If you want to use drugs, read this first
The opiates are found in a gummy substance extracted from the seed pod of the Asian poppy, Papaver somniferum. Opium is produced from this substance, and codeine and morphine are derived from opium. Other drugs, such as heroin, are processed from morphine or codeine.
Opiates have been used both medically and non-medically for centuries. A tincture of opium called laudanum has been widely used since the 16th century as a remedy for "nerves" or to stop coughing and diarrhea.
By the early 19th century, morphine had been extracted in a pure form suitable for solution. With the introduction of the hypodermic needle in the mid-19th century, injection of the solution became the common method of administration.
Heroin (diacetylmorphine) was introduced in 1898 and was heralded as a remedy for morphine addiction. Although heroin proved to be a more potent painkiller (analgesic) and cough suppressant than morphine, it was also more likely to produce dependence.
Of the 20 alkaloids contained in opium, only codeine and morphine are still in widespread clinical use today. In this century, many synthetic drugs have been developed with essentially the same effects as the natural opium alkaloids.
Opiate-related synthetic drugs, such as meperidine (Demerol) and methadone, were first developed to provide an analgesic that would not produce drug dependence. Unfortunately, all opioids (including naturally occurring opiate derivatives and synthetic opiate-related drugs), while effective as analgesics, can also produce dependence. (Note that where a drug name is capitalized, it is a registered trade name of the manufacturer.)
Modern research has led, however, to the development of other families of drugs. The narcotic antagonists (e.g. naloxone hydrochloride) - one of these groups - are used not as painkillers but to reverse the effects of opiate overdose.
Another group of drugs possesses both morphine-like and naloxone-like properties (e.g. pentazocine, or Talwin) and are sometimes used for pain relief because they are less likely to be abused and to cause addiction. Nevertheless, abuse of pentazocine in combination with the antihistamine tripelennamine (Pyribenzamine) was widely reported in the 1980s, particularly in several large cities in the United States. This combination became known on the street as "Ts and blues." The reformulation of Talwin, however, with the narcotic antagonist naloxone has reportedly reduced the incidence of Ts and blues use.
The dose required to produce this effect may at first cause restlessness, nausea, and vomiting. With moderately high doses, however, the body feels warm, the extremities heavy, and the mouth dry. Soon, the user goes "on the nod," an alternately wakeful and drowsy state during which the world is forgotten.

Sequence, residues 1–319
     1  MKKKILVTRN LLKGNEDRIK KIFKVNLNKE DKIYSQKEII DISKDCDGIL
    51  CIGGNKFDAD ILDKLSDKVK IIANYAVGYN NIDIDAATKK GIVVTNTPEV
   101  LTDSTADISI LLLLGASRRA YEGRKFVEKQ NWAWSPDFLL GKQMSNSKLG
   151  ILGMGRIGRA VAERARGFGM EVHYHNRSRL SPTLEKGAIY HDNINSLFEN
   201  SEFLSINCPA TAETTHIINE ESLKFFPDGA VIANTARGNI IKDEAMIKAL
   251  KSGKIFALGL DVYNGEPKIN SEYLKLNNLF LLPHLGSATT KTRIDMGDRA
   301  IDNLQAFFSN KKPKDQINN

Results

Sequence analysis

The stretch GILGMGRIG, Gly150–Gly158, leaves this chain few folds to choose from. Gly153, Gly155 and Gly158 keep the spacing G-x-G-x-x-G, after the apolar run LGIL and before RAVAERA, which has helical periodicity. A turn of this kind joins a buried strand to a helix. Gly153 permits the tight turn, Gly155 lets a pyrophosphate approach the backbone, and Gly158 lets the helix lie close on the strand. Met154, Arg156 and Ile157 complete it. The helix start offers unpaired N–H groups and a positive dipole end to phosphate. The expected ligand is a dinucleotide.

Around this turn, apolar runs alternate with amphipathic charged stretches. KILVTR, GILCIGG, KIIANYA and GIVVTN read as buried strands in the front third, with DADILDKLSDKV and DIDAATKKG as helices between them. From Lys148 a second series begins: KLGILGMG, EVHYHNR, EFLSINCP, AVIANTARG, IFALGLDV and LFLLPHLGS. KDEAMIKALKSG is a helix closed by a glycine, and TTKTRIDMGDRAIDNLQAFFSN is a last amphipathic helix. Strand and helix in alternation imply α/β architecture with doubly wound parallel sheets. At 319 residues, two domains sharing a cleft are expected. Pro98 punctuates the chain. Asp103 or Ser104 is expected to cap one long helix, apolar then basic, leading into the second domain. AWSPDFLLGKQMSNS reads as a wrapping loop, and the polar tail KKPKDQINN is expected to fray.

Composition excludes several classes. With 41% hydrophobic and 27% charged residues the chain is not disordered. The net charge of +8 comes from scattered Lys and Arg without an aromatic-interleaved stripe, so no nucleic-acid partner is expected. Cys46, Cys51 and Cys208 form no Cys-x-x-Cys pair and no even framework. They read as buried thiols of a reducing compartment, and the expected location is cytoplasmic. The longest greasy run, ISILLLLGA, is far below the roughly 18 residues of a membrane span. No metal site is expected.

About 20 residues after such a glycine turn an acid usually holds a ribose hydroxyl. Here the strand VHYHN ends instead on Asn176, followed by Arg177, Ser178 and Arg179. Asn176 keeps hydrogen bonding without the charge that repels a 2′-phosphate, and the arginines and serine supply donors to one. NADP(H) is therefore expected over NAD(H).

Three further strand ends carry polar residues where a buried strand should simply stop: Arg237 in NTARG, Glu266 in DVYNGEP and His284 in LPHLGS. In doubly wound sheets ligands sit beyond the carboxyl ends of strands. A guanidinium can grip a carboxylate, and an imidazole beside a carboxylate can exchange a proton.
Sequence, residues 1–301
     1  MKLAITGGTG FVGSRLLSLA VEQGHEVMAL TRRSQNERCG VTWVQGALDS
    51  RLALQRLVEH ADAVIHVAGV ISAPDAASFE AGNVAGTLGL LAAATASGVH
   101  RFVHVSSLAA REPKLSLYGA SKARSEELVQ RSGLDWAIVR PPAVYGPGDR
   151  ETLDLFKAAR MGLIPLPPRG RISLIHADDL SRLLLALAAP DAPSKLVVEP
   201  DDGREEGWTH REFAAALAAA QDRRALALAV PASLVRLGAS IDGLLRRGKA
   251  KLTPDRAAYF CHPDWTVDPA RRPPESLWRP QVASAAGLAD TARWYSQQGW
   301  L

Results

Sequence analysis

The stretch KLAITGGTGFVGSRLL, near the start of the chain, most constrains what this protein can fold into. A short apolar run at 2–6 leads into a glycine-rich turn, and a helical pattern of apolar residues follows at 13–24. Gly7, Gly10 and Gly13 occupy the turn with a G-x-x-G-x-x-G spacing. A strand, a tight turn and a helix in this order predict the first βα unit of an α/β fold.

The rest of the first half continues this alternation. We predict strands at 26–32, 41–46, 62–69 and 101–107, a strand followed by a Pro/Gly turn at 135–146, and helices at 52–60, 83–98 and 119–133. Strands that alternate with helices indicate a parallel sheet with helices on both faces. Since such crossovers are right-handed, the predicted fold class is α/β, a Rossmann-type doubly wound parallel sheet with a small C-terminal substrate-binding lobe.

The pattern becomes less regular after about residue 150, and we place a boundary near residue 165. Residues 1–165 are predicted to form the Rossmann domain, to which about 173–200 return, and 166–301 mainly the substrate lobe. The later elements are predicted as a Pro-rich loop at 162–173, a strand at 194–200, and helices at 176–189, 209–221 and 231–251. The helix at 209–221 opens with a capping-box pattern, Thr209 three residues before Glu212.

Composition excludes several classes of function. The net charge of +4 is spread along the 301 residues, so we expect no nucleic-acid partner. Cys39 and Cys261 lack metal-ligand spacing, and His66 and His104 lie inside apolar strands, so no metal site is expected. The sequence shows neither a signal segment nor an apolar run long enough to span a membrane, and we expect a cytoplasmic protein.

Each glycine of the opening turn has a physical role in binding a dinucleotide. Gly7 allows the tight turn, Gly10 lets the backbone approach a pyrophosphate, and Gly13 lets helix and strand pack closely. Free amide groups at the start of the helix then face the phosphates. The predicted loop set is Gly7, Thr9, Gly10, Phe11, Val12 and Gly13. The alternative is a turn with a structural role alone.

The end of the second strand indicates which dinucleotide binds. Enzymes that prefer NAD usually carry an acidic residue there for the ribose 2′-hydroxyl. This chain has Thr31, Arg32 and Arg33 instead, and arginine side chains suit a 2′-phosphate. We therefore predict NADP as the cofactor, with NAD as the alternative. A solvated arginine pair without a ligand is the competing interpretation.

As the dose is increased, breathing becomes gradually slower. With very large doses, the user cannot be roused; the pupils contract to pinpoints; the skin is cold, moist, and bluish; and profound respiratory depression resulting in death may occur.
Overdose is a particular risk on the street, where the amount of drug contained in a "hit" cannot be accurately gauged. In a treatment setting, the effects of a usual dose of morphine last three to four hours. Although pain may still be felt, the reaction to it is reduced, and the patient feels content because of the emotional detachment induced by the drug.
Long-term effects appear after repeated use over a long period. Chronic opiate users may develop endocarditis, an infection of the heart lining and valves as a result of unsterile injection techniques.
Drug users who share needles are also at a high risk of acquiring AIDS (acquired immune deficiency syndrome) and HIV infection (human immunodeficiency virus). Unsterile injection techniques can also cause abscesses, cellulitis, liver disease, and even brain damage. Among users with a long history of subcutaneous injection, tetanus is common. Pulmonary complications, including various types of pneumonia, may also result from the unhealthy lifestyle of the user, as well as from the depressant effect of opiates on respiration.
Chronic users may also become psychologically and physically dependent on opioids.
Psychological dependence exists when a drug is so central to a person's thoughts, emotions, and activities that the need to continue its use becomes a craving or compulsion.
With physical dependence, the body has adapted to the presence of the drug, and withdrawal symptoms occur if use of the drug is reduced or stopped abruptly. Some users take heroin on an occasional basis, thus avoiding physical dependence.
Withdrawal from opioids, which in regular users may occur as early as a few hours after the last administration, produces uneasiness, yawning, tears, diarrhea, abdominal cramps, goose bumps, and runny nose. These symptoms are accompanied by a craving for the drug.
Major withdrawal symptoms peak between 48 and 72 hours after the last dose and subside after a week. Some bodily functions, however, do not return to normal levels for as long as six months. Sudden withdrawal by heavily dependent users who are in poor health has occasionally been fatal. Opioid withdrawal, however, is much less dangerous to life than alcohol and barbiturate withdrawal
Infants born to heroin-dependent mothers are smaller than average and frequently show evidence of acute infection. Most exhibit withdrawal symptoms of varying degrees and duration. The mortality rate among these infants is higher than normal.